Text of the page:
Tesla nears 3-month low as JPMorgan adds to private deal doubts

Tesla CEO Elon Musk. Tesla Motors dropped in early trading on August 20, 2018 due to rising doubts about Chief Executive Elon Musk's plans to take the electric carmaker private. (AFP File Photo)
Updated 20 August 2018
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Tesla nears 3-month low as JPMorgan adds to private deal doubts

  • Slashing its price target for Tesla from $308 to $195, the brokerage said it did not believe Chief Executive Officer Elon Musk had funds for a plan
  • Tesla shares fell nearly 4 percent

LONDON: Tesla shares fell nearly 4 percent on Monday as a $113 cut in JPMorgan Chase’s price target for the electric carmaker added to growing doubts among market players about a plan to take the company private.
Slashing its price target for Tesla from $308 to $195, the brokerage said it did not believe Chief Executive Officer Elon Musk had funds for a plan announced by a tweet that said “funding secured” two weeks ago.
Analysts from the US bank had upped its forecast from $198 to $308 after a roughly $100 surge in Tesla stock following Musk’s tweets on Aug. 7 and the note on Monday was the latest evidence of skepticism about the deal on Wall Street.
People familiar with the matter said on Sunday that PIF, the Saudi Arabian sovereign wealth fund that Musk says had been pressing to help fund the buyout, is in talks to invest in aspiring Tesla rival Lucid Motors Inc.
“Our interpretation of subsequent events leads us to believe that funding was not secured for a going private transaction, nor was there any formal proposal,” JPMorgan analyst Ryan Brinkman wrote in a client note.
“Tesla does appear to be exploring a going private transaction, but we now believe that such a process appears much less developed than we had earlier presumed, suggesting formal incorporation into our valuation analysis seems premature at this time,” Brinkman said.
JPM now targets the stock, which it continues to value at underweight, back at $195, versus Friday’s close of $305.50. The median price target of the Wall Street analysts covering Tesla is $336.
Tesla shares touched a three-month low of $285 in premarket trading before recovering to trade around $290, reducing its market value back below that of General Motors as the biggest US carmaker.
An interview with the New York Times, in which Musk said he was under major emotional stress in the “most difficult year” of his life, on Friday added to investors’ concerns over his leadership after a series of social media spats.
A person with direct knowledge of the matter told Reuters last week that the SEC has opened an inquiry related to Musk’s tweets on the buyout and the billionaire is also facing a class action suite from investors who lost money in the share moves.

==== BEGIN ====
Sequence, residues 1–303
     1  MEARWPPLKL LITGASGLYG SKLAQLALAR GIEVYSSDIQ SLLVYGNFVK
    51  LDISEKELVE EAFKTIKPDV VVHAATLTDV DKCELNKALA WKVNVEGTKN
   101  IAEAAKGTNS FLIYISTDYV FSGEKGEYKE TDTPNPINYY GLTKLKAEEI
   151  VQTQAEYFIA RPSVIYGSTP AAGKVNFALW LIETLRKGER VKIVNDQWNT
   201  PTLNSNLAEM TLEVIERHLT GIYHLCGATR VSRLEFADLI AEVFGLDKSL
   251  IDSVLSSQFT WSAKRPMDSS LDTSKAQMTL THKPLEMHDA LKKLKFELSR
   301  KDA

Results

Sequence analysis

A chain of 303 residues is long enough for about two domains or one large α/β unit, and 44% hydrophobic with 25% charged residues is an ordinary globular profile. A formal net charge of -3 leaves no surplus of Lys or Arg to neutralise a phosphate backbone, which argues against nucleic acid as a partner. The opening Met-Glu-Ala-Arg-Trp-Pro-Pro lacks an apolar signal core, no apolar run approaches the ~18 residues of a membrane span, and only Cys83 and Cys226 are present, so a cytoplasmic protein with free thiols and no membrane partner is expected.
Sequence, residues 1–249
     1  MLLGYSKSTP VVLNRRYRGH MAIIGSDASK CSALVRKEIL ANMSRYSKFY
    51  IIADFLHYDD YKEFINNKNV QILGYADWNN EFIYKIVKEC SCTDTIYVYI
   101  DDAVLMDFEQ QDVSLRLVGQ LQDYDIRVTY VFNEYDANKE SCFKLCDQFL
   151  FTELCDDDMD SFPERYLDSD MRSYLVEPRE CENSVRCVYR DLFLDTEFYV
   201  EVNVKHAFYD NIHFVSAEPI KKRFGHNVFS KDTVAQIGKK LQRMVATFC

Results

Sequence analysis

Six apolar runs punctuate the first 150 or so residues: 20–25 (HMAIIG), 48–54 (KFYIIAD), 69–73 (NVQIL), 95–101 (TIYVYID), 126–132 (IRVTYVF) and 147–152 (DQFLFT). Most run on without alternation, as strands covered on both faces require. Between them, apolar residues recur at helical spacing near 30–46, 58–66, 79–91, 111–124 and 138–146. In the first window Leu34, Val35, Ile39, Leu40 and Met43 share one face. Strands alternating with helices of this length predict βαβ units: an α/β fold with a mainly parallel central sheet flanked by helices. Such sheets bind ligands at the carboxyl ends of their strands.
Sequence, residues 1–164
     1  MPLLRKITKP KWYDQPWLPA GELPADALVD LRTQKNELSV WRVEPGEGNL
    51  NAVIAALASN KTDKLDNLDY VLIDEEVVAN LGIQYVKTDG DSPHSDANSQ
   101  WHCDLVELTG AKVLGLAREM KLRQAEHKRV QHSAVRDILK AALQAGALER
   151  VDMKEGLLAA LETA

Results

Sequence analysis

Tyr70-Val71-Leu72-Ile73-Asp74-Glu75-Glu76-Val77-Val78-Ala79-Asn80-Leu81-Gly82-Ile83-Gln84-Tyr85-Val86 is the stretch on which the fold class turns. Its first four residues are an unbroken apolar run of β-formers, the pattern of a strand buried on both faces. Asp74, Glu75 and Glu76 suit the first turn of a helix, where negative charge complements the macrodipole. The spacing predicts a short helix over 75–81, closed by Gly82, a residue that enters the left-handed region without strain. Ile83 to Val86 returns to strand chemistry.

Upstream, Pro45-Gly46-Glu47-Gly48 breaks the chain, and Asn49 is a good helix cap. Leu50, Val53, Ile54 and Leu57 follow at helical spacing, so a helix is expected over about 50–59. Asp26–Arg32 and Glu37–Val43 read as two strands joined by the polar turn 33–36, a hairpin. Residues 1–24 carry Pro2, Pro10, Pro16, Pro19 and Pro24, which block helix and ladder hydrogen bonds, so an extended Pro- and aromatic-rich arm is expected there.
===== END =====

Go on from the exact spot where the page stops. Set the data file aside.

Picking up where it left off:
“The lack of process to (Musk’s) announcement has now caused governance and competency concerns which are starting to snowball,” said Tigress Financial Partners analyst Ivan Feinseth.


Uber agrees to pay VAT in Egypt

Updated 18 February 2019
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Uber agrees to pay VAT in Egypt

  • Egypt introduced a law last May regulating ride-hailing apps Uber and Careem
  • Uber has said that Egypt is its largest market in the Middle East
CAIRO: Uber has agreed to pay value-added tax on its services in Egypt, Egyptian officials said on Monday, a move that may help resolve a long-simmering feud with traditional taxi drivers.
The agreement would also apply to other ride-hailing companies, the head of the Egyptian Tax Authority, Abdel Azeem Hussein, said. Egypt’s value-added tax (VAT) rate is 14 percent.
“Reaching an agreement and determining the tax treatment that will be applied to the company Uber and other companies operating in the same area will enhance confidence and cooperation between the authority and the tax community,” state news agency MENA quoted Hussein as saying.
Uber Egypt was not immediately available for comment.
Egypt introduced a law last May regulating ride-hailing apps Uber and Careem, after Egyptian taxi drivers filed a lawsuit arguing that the two companies were illegally using private cars as taxis and were registered as a call center and an Internet company, respectively.
An Egyptian court suspended Uber and Careem’s services in March last year after the taxi drivers’ suit but another court stayed the suspension ruling in April, allowing the companies to operate while the case was appealed to a higher court. A verdict is expected on Saturday.
Careem could not immediately be reached for comment on whether it will pay the VAT.
Uber riders and drivers in Egypt have said they faced various technical difficulties with the Uber app in recent weeks, which two security sources said was linked to data-sharing disputes with Egyptian authorities.
Uber has faced regulatory and legal setbacks around the world amid opposition from traditional taxi services. It has been forced to quit several countries, including Denmark and Hungary.
Uber has said that Egypt is its largest market in the Middle East, with 157,000 drivers in 2017 and 4 million users since its launch there in 2014.